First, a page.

Film Only FAQ

 

Film Only FAQ

 How will this work?

You pay for the film stock, processing, and scanning. But together, we will do our part in keeping film alive and in the end I believe we will make some really special photographs.

Why would you shoot on film? It’s so expensive. Also, it’s not 1980 anymore…

While this is true, I think the tones, the way film renders light and shadows is unlike anything I can create with a digital camera. I think that beauty alone is worth the cost. Plus the beauty of an analog process is at the end of it you will have tangible physical things that made your picture. A photograph then becomes an object rather than living entirely inside a digital world.

Another factor on my end is that because of the cost and because of the process in shooting with film, it will allow me to slow down and be more conscious about when I press the shutter instead of snapping away endlessly with a digital camera. I truly believe it will result in better pictures.

What kind of freelance work are you offering?

Right now I’m open to almost anything. Whether you’re a musician looking for portraits, a family with a newborn, a newly engaged couple, a senior in high school, a model, or a brand—whatever it is, I would love to create photographs for you and with you. Right now, I can’t offer wedding photography as part of my services but I can certainly suggest some amazing wedding photographers if that’s something you are looking for.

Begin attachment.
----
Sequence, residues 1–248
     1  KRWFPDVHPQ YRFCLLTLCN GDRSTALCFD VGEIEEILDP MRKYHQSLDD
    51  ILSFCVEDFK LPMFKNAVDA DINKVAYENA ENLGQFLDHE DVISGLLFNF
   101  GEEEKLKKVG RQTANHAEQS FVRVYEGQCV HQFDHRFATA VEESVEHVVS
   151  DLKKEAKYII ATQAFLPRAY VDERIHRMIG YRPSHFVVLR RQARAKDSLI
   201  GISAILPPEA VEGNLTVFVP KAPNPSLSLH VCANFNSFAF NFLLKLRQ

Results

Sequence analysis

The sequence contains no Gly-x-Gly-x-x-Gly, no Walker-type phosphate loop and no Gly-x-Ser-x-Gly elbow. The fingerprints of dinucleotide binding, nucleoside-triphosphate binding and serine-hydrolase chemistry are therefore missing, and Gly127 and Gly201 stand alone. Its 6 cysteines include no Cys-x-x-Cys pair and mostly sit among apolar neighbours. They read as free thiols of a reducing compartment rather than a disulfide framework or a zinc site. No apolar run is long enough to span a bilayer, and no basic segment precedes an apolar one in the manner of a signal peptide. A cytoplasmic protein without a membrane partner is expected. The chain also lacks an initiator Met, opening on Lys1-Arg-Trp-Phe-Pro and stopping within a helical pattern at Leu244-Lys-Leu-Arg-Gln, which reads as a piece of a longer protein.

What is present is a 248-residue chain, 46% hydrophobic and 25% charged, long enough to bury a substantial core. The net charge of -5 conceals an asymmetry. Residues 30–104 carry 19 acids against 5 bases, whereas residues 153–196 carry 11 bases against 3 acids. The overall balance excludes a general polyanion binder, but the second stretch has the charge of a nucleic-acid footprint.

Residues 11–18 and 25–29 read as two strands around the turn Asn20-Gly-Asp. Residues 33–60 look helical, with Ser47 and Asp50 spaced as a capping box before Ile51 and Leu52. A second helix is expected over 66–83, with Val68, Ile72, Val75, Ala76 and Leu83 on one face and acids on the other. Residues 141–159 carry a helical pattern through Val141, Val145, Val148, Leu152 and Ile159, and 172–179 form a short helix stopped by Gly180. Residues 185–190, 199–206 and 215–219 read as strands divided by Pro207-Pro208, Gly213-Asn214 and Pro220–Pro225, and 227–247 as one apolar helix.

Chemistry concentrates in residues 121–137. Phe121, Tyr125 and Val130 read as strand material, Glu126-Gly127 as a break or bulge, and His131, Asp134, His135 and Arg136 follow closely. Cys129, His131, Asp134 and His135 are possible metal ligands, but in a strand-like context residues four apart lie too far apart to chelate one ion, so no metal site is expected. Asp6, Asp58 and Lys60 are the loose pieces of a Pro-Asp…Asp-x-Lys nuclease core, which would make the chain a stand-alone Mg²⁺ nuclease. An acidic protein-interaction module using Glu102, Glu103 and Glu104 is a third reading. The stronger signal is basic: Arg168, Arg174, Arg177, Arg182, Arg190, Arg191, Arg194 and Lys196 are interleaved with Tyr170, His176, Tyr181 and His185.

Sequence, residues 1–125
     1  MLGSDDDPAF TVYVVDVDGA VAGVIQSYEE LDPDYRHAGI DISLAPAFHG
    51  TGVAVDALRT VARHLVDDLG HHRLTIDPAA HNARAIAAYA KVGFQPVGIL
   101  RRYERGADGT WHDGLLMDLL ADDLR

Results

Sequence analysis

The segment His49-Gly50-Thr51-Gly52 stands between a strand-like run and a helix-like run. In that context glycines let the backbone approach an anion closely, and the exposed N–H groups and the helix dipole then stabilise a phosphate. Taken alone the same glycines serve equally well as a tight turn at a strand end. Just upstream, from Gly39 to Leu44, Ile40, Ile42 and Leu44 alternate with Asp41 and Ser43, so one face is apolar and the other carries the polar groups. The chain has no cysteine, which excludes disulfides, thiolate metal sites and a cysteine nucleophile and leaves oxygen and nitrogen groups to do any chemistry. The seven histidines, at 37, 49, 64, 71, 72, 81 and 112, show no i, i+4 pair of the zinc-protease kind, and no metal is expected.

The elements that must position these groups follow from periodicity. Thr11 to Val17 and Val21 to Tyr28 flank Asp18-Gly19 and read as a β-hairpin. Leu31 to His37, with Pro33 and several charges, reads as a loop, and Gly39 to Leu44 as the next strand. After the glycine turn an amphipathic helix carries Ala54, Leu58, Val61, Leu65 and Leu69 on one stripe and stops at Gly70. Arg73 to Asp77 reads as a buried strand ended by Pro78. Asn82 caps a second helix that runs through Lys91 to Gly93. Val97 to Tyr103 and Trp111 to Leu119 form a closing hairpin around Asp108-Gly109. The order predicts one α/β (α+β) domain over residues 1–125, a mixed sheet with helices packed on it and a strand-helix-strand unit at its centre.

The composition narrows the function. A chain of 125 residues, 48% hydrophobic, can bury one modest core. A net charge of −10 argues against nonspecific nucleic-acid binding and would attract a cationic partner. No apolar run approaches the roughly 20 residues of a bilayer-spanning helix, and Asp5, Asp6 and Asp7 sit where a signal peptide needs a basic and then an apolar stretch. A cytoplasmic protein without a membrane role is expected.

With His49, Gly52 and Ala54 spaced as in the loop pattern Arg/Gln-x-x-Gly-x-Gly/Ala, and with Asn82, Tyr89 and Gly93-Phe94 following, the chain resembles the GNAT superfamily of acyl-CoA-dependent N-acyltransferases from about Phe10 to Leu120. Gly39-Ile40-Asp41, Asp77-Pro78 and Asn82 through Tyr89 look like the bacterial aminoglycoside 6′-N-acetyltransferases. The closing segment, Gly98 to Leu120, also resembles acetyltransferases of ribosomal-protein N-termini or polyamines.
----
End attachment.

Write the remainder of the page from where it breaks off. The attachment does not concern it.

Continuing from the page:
What are your rates for a shoot?

So that’s the fun part, it’s totally dependant on how many photographs you would like, what kind of film stock you would like to shoot with, and how big of digital scans you would like after we shoot. The cost of the shoot will cover all of that, plus paying me for the time spent shooting. But as a base price, every session will start at $200.

What film stocks do you shoot with?

I primarily shoot color negative film like Kodak Portra 400 and Portra 800, but am looking to shoot more with positive color slide film like the newly released Kodak Ektachrome. If you would like to shoot on black and white I primarily shoot with Kodak TRI-X 400 but have wanted to try something like Ilford Delta 3200.

I don’t know/care about anything in the section above. I just really need photos…

That’s totally fine. Unless your a photographer that shoots film today, most people aren’t familiar with these film stocks or terms. I am however looking to work with people that value and want to shoot using an analog process. If that isn’t a big deal to you, or if you don’t see value in that, I can certainly point you in the right direction of some amazing photographers. Just reach out and let me know how I can help.